The invention will now be described in greater detail in the following illustrative examples wherein all parts are by weight unless otherwise expressed.


(a) The livers and intestines of 200 mice, which had been infected with Schistosoma mansoni in known manner, are removed, ground in enough saline solution to cover the organs, the organ solution is digested with trypsin, and the eggs filtered out and washed. The eggs are ground in saline solution and the solids are removed by centrifugation. The residual liquid comprises soluble egg antigen (SEA) and salts dissolved in water.

(b) The liquid, enclosed in a tubular dialysis membrane dipping partially into saline solution, undergoes dialysis whereby low molecular weight organic materials pass into the saline solution. At the same time a vacuum outside the membrane above the saline solution effects pervaporation of water to the extent of a 20-fold evaporation, yielding a concentrated solution which contains about 4 mg of SEA on a dry basis.

(c) The solution is subjected in known manner to affinity chromatography in a chromatographic column containing as the absorbent 10 ml of the galactan Sepharose.RTM. carrying Concanavalin A bound thereto. After adsorption, there is recovered a fraction containing antigen which did not adhere to the adsorbent and this essentially non-adherent material is identified as MSA.sub.3. Actually a small amount of the same material apparently adhered and will subsequently be separated as a part of purification.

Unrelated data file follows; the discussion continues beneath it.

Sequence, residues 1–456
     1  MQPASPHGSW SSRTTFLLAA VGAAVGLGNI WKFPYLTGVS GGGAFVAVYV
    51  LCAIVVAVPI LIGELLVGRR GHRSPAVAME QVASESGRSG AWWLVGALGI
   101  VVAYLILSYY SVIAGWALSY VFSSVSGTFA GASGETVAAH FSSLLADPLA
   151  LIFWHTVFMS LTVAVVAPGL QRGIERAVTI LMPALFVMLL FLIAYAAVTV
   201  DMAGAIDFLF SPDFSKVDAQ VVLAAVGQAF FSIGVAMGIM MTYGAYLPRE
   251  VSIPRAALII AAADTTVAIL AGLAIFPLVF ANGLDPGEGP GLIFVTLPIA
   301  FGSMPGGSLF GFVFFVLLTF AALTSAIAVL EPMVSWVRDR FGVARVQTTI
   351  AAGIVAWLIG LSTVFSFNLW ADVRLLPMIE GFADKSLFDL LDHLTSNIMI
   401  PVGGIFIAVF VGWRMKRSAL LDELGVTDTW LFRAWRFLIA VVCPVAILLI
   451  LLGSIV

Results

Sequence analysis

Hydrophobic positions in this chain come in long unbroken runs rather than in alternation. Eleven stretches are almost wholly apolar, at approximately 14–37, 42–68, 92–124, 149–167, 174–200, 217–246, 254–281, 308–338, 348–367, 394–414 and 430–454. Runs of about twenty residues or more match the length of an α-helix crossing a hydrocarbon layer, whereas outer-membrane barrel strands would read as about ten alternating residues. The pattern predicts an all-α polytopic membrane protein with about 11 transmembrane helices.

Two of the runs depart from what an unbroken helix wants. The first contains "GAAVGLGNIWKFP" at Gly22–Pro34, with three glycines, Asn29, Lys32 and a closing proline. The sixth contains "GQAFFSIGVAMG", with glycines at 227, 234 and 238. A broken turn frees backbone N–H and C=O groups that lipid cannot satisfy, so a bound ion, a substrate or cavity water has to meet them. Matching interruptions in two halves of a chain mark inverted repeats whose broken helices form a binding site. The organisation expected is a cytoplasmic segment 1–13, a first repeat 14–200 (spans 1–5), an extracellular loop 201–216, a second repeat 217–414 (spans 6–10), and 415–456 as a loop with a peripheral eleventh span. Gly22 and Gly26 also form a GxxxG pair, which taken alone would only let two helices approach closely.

There are then passed through the column 20 cc of a 10% by weight solution of glucose which results in recovery of an eluate fraction the principal component of which is identified as MSA.sub.2.

A subsequent elution with 20 cc of a 2% solution of .alpha.-methyl glucoside (or .alpha.-methyl-mannoside) produces an eluate fraction of which the principal component is MSA.sub.1 (about 1000 .mu.g) along with small amounts of MSA.sub.2 and MSA.sub.3 as impurities.